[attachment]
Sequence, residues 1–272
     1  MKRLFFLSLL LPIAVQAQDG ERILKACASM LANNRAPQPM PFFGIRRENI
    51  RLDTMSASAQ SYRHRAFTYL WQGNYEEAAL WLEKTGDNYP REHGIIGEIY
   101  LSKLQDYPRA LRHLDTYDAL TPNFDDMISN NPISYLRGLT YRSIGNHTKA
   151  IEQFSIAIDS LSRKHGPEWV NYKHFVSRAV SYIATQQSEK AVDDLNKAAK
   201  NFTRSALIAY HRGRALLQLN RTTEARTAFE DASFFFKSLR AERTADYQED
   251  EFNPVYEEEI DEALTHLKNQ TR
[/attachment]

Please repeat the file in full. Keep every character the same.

Sequence, residues 1–272
     1  MKRLFFLSLL LPIAVQAQDG ERILKACASM LANNRAPQPM PFFGIRRENI
    51  RLDTMSASAQ SYRHRAFTYL WQGNYEEAAL WLEKTGDNYP REHGIIGEIY
   101  LSKLQDYPRA LRHLDTYDAL TPNFDDMISN NPISYLRGLT YRSIGNHTKA
   151  IEQFSIAIDS LSRKHGPEWV NYKHFVSRAV SYIATQQSEK AVDDLNKAAK
   201  NFTRSALIAY HRGRALLQLN RTTEARTAFE DASFFFKSLR AERTADYQED
   251  EFNPVYEEEI DEALTHLKNQ TR